Other crime lab challenges possible?
GalleriesNassau crime lab woes
A Nassau judge Monday threw out a Hicksville woman's drunken driving conviction because of "potentially tainted evidence" from the county police crime lab, a ruling that could spur a flood of challenges to other convictions.
Judge George Peck ruled that in Erin Marino's nonjury case, he may have ruled differently had he known about the problems at the lab, which did not surface until about four months after her conviction.
"I expect an avalanche of motions and litigation stemming from this decision," said William Kephart, president of the Nassau Criminal Courts Bar Association.
Lawyers and experts have said it is impossible to know how many cases could be affected, since no one knows how far back the error-plagued lab's problems go. District Attorney Kathleen Rice's office has said the lab tested drug samples from about 900 cases a year since 2007, and 10 percent of those are being retested.
Prosecutors said they plan to appeal Peck's decision to grant a new trial to Marino. Rice's office had no further comment.
Brian Griffin, the Garden City lawyer representing Marino, called for Rice to suspend prosecutions and retest all evidence that came through the lab.
"Whatever the lab has put out will not be believed by a jury," Griffin said.
Marino was convicted in August of aggravated vehicular assault for slamming into a minivan while driving drunk on June 25, 2009, on Route 106 in Glen Cove.
Her lawyer sued Dec. 14 to overturn the conviction - 11 days after the police crime lab was put on probation by a national lab accreditation agency that cited 26 violations.
Rice and Nassau County Executive Edward Mangano closed the lab's drug-testing unit on Feb. 10 and shut the entire lab a week later, after revelations supervisors may have failed to disclose inaccurate testing.
Peck said that was the right move - and at odds with the prosecution's argument in the Marino case.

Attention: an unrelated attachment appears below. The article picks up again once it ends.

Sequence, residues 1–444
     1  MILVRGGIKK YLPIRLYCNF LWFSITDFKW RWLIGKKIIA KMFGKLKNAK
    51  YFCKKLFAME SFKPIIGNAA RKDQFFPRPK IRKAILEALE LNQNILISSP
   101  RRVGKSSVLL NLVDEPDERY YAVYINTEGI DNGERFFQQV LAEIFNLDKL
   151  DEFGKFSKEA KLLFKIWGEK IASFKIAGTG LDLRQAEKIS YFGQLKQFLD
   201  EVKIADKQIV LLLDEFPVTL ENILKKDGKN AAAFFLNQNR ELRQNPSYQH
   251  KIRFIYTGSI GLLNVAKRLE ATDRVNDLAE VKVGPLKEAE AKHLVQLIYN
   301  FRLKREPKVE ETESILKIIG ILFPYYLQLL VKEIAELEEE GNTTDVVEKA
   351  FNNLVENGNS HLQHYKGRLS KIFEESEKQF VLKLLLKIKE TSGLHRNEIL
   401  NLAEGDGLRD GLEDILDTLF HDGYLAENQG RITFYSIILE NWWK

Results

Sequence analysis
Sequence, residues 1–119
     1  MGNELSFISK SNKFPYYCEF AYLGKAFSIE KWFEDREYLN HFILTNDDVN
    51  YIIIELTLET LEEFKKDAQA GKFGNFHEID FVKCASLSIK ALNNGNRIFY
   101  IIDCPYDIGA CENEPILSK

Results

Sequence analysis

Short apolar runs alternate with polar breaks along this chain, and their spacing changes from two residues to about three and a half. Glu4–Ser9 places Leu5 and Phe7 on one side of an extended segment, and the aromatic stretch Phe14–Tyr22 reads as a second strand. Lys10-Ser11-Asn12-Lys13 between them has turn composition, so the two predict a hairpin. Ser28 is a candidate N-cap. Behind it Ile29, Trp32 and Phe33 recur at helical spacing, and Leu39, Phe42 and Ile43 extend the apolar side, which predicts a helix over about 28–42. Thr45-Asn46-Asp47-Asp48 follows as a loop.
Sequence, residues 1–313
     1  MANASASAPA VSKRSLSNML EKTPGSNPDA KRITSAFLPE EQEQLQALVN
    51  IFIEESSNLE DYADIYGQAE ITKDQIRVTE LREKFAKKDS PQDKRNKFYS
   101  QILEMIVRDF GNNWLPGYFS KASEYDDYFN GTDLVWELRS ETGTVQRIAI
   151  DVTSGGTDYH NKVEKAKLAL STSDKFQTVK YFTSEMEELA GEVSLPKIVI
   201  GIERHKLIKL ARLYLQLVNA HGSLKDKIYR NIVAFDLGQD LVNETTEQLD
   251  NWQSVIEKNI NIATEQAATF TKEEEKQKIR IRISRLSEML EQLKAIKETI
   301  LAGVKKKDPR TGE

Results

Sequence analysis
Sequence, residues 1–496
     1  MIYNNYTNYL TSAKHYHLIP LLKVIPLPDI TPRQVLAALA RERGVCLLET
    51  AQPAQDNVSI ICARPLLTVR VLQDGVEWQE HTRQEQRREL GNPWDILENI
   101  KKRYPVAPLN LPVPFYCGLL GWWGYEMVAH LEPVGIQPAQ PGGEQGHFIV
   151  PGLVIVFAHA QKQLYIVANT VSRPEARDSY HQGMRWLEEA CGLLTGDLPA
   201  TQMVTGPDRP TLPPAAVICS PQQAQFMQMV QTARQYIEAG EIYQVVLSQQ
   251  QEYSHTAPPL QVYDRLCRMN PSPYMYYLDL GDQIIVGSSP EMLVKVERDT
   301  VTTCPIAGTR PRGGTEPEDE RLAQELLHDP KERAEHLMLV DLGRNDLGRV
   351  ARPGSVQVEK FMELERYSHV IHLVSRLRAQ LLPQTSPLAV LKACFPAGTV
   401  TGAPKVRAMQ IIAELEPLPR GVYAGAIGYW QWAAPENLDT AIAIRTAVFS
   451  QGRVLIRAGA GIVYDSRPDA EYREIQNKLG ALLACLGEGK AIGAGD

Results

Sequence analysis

He asked how the district attorney's office can "publicly give a vote of no confidence to the laboratory results, and then in good conscience argue in a court of law that the factors that form the basis of the vote of no confidence be excluded from jury consideration."
Of the lab closing, the judge added, "you can't shield the basis for those actions from a jury."
In particular, Peck cited a court document by Rice's chief of staff, Albert Teichman, seeking appointment of a special prosecutor "to ascertain whether any acts of criminality were committed, including whether there was an attempt to cover up errors or misconduct at the laboratory."
In court last week, Maureen McCormick, chief of the district attorney's Vehicular Crimes Bureau, said the lab problems affect drug cases, but should not affect drunken driving cases like Marino's. A campaign against drunken drivers has been one of the hallmarks of the 5-year-old Rice administration.
McCormick said while the device used to measure liquid in blood-alcohol tests had not been calibrated in several years, it functioned properly when scientists tested it. McCormick said that meant the device had worked correctly the entire time.
Even as the challenge to Marino's conviction was under way, police revealed that in nine drunken driving cases tested Oct. 15, 2010, defendants' paperwork had been stapled to the wrong test results.
With Kathleen Kerr